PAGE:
Tech Manufacturing Giant Foxconn Merging Augmented Reality And Digital Signage
November 3, 2016 by Dave Haynes
Via Nikkei Asian Review
Monster Asian technology manufacturer Hon Hai Precision Industry, also known as Foxconn Technology Group, has announced its funding of a newly-formed startup aimed at bringing augmented reality into digital signage.
Foxconn Executive Vice President Lu Fang-ming did an augmented reality presentation, showing his image dynamically integrated into real-time graphics, at a demo Wednesday at Taipei’s main passenger rail station. Taiwan is the home of Foxconn, though much of its million-plus workforce is in China, assembling devices like iPhones.
The advertising project at the station uses some 200 4K displays made by Sharp, the Japanese display giant Foxconn acquired this year. The screens are controlled by a CMS from the startup, called LinkOOH.
“Foxconn has been trying to integrate software and hardware services over the past few years,” says Lu, quoted by Nikkei Asian Review. “Sharp is a leading industrial display provider in Japan…and we will use the best display technology available [for the AR advertising business].”
Foxconn, the report says, has invested $1.58 million to set up thenew company to develop the augmented reality advertising business in Taiwan, using Sharp displays.
A separate report in DigiTimes says:
Linkooh has cooperated with Taiwan Railways Administration to install several different-sized public displays at Taipei Main Station and uses its augmented reality (AR) technologies and multimedia platform to enhance the ways that advertisements are displayed.
The company has also used 200 55-inch Sharp-made Ultra HD-quality displays to improve consumers’ virtual experience.
Linkooh is a subsidiary wholly owned by Foxconn and in addition to railway stations, the company is also looking to partner with exhibition halls, airports, department stores and bus stations.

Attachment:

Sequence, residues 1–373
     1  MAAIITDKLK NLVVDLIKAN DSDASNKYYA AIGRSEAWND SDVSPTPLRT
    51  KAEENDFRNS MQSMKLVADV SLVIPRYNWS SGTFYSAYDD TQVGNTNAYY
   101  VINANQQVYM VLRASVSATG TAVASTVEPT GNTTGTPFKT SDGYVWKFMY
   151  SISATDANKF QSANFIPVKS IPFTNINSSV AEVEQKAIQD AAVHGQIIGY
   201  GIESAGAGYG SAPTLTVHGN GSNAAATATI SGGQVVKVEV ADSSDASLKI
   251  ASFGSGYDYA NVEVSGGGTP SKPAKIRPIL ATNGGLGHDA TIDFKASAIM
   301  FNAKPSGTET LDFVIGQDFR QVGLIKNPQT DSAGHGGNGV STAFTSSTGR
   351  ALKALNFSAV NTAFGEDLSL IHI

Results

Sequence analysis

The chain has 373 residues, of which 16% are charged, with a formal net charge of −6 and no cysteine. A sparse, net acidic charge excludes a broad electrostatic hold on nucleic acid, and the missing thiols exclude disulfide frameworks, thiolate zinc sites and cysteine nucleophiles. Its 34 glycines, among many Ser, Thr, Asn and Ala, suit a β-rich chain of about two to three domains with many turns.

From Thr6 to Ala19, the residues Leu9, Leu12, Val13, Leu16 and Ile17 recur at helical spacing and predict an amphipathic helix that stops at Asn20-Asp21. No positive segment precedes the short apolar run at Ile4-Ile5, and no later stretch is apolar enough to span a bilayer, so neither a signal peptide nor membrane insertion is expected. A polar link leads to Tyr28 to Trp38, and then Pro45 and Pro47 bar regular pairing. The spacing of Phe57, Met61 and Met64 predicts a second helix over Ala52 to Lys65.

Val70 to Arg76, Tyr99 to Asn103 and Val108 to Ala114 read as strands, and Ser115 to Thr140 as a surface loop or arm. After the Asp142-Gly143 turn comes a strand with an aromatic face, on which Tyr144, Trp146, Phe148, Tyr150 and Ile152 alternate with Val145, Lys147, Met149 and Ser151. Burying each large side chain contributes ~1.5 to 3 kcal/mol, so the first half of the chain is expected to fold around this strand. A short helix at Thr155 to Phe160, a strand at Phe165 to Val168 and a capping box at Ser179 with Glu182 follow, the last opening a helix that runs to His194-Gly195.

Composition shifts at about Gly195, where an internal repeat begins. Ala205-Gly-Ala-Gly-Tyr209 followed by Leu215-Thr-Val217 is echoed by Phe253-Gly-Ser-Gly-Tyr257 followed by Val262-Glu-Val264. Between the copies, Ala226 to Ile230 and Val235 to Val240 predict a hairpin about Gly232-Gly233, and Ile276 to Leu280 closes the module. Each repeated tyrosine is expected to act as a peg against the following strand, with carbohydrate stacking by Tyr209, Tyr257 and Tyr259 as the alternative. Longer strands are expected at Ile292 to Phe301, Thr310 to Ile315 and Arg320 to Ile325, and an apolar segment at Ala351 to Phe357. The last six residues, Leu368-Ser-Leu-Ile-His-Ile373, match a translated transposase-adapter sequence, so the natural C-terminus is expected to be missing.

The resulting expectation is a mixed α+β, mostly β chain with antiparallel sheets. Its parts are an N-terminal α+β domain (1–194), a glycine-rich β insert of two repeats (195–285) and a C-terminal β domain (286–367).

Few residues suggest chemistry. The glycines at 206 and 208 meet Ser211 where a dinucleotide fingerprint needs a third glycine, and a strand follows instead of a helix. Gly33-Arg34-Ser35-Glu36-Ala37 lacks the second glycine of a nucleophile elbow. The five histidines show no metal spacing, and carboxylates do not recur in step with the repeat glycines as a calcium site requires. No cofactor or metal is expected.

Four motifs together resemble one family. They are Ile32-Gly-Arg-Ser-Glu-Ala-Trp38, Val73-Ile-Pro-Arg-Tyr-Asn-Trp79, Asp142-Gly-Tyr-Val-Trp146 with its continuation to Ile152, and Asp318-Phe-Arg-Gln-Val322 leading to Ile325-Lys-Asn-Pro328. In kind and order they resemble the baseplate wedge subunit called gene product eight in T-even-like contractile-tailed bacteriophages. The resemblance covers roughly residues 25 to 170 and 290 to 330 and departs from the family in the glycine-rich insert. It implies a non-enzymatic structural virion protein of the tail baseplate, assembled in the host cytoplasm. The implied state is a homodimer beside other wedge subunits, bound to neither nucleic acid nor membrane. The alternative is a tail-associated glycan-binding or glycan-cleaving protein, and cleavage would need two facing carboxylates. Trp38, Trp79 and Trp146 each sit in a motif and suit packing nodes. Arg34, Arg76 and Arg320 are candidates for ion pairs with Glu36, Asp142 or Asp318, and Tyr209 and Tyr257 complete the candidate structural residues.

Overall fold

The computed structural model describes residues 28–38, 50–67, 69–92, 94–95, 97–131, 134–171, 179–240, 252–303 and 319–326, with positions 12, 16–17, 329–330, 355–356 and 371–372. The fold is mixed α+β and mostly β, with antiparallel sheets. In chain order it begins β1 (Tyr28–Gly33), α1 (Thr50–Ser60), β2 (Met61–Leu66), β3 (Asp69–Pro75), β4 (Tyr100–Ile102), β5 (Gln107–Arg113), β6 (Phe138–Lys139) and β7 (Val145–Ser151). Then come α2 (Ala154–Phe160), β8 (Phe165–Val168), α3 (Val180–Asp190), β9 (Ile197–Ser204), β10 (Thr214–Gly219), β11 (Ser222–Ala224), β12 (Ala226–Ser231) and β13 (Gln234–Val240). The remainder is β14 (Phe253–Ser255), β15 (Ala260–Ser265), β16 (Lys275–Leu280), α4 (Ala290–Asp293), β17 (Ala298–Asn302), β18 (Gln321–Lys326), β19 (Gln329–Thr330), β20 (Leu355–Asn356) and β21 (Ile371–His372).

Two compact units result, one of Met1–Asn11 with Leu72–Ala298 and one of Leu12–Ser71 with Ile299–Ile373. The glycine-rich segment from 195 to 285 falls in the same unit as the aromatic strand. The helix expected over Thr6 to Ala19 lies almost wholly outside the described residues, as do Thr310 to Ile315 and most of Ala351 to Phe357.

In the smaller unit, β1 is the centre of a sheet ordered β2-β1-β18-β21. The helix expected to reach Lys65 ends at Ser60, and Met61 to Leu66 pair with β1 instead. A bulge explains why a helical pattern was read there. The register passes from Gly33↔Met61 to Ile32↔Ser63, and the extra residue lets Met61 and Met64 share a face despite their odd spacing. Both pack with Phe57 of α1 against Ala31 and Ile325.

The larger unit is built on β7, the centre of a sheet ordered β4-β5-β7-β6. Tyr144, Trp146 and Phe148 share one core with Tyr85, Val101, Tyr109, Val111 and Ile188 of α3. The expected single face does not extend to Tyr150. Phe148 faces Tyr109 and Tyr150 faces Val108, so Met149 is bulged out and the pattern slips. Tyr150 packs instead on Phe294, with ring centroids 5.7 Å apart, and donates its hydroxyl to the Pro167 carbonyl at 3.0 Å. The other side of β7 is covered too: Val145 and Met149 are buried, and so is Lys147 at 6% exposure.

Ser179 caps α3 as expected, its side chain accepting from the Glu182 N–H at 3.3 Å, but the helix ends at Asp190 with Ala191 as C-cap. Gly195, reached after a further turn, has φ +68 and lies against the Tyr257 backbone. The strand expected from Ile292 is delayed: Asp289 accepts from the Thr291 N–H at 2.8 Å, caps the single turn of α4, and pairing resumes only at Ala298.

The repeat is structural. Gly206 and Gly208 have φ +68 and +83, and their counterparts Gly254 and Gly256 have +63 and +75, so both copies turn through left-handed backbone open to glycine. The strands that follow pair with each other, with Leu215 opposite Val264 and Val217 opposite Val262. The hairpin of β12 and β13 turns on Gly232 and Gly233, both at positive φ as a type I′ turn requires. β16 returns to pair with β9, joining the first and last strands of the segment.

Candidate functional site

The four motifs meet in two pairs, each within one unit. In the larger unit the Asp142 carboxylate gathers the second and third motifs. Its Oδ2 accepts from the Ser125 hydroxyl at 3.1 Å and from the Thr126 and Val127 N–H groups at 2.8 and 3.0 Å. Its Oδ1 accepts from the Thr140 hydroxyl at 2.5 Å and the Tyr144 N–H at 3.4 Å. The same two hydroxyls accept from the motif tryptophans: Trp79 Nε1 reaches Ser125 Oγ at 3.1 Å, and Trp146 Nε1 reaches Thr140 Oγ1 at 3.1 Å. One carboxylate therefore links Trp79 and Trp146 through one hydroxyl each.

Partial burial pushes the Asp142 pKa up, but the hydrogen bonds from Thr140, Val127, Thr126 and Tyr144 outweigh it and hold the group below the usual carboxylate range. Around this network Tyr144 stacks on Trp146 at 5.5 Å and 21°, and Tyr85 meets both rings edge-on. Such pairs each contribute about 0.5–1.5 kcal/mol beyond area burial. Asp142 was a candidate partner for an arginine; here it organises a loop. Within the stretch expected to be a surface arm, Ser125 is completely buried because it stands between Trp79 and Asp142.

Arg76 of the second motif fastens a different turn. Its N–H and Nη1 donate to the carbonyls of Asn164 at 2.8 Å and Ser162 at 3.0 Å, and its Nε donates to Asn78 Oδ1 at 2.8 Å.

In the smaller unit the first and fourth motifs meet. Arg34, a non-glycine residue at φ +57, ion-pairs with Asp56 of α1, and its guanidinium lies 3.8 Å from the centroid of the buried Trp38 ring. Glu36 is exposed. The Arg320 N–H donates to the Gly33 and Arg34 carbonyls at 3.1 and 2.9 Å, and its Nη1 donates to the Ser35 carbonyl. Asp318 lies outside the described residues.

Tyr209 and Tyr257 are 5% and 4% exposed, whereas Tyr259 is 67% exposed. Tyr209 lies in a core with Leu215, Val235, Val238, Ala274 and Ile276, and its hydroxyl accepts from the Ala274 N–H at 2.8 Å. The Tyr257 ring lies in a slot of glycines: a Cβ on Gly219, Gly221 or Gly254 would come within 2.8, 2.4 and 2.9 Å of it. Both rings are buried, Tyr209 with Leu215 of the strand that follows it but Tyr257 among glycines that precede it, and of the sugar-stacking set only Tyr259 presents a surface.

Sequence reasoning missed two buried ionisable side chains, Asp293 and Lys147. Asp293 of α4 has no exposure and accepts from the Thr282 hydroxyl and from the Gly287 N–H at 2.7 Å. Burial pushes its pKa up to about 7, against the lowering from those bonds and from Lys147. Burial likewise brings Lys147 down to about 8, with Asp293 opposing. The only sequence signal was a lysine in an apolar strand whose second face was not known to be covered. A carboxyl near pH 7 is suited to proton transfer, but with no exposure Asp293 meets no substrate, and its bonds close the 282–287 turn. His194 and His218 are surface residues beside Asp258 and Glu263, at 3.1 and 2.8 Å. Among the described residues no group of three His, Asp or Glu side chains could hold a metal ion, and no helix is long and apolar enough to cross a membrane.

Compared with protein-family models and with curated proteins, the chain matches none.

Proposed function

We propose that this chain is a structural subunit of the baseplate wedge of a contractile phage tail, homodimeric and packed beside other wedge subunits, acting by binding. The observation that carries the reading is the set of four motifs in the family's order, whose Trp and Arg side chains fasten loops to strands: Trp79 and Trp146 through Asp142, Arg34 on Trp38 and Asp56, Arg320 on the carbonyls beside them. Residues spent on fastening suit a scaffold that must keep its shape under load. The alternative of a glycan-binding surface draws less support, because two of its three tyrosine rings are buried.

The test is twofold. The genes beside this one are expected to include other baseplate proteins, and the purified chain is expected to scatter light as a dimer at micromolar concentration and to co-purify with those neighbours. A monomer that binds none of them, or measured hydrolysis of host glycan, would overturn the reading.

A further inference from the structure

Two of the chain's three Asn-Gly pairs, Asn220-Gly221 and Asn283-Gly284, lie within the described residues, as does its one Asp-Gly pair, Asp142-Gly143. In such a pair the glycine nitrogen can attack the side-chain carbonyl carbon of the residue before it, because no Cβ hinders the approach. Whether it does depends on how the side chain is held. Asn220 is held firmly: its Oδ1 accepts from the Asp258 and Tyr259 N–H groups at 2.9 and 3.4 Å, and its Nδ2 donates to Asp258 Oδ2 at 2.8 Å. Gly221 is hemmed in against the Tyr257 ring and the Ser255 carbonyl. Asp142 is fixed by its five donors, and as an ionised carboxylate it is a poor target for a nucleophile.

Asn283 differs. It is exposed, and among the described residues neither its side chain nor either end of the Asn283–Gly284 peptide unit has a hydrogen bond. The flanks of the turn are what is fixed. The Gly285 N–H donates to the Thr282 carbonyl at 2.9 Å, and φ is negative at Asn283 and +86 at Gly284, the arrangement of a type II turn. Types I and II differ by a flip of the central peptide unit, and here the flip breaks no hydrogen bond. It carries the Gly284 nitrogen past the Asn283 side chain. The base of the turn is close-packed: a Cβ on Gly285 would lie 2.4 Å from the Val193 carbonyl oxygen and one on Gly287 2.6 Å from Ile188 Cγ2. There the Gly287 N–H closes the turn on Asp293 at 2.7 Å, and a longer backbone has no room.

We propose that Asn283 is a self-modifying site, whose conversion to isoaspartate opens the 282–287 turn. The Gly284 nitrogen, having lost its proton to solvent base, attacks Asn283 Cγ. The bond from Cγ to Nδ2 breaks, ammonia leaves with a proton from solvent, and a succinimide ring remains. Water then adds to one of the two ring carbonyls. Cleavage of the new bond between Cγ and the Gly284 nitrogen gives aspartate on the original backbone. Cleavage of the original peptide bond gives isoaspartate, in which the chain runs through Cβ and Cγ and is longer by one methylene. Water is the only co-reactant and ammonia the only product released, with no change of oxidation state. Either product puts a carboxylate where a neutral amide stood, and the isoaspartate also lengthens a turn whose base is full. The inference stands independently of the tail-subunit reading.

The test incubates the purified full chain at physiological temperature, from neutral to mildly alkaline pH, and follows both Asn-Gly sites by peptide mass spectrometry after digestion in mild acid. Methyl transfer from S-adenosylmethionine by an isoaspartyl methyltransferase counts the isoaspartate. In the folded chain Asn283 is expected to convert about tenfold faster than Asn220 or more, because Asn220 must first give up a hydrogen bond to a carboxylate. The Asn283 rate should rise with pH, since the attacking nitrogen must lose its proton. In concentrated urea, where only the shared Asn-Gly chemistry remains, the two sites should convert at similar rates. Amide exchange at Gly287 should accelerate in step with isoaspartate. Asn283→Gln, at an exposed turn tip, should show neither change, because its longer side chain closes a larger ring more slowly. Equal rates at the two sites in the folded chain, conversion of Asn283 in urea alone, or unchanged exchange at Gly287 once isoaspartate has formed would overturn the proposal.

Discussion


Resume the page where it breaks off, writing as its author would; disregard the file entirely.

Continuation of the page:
The Taipei Times reports:
The system is made up of more than 200 55-inch commercial digital signage display panels with 4K resolution made by Sharp Corp, which is controlled by a cloud-based platform developed by LinkOOH.
“The system at Taipei Railway Station was installed at a cost of about NT$80 million, and we expect LinkOOH to break even before the end of next year,” Lu said.
Multimedia advertising is rapidly evolving and the field has been converging with other digital trends, such as social media, he said.
LinkOOH provides a platform for brands, sales channels and creative agencies to join forces in forming a new advertising ecosystem, Lu said.
Participants in the ecosystem can take advantage of LinkOOH’s cloud-based platform to deploy an interactive marketing experience for the large crowds that make their way through the railway station each day, Lu said.
One of LinkOOH’s first clients is Uni-President Enterprises Corp (????), which is promoting a new beverage with an interactive display that invites passersby to play a fruit-chopping game on the giant displays by triggering motion sensors.
While applications currently deployed on the system are still very basic, Lu said that LinkOOH and Hon Hai aim to provide partners with a full array of tools, such as augmented reality technology, contextual and location awareness, and big data analysis to create new and compelling advertising experiences.
Lu also outlined plans to integrate various “smart” capabilities for the platform that would selectively broadcast advertisements according to passersby demographic and preferences, as well as delivering tailored promotional discounts to maximize customer stickiness for brand operations.
“We hope to connect the many screens used by consumers, whether they are on desktops, mobile devices or large digital signs,” Lu said.
Last week, there was a report about InFocus (also owned by Foxconn) working with Taiwan-based IAdea on all-in-one displays being sold in Costcos in Taiwan.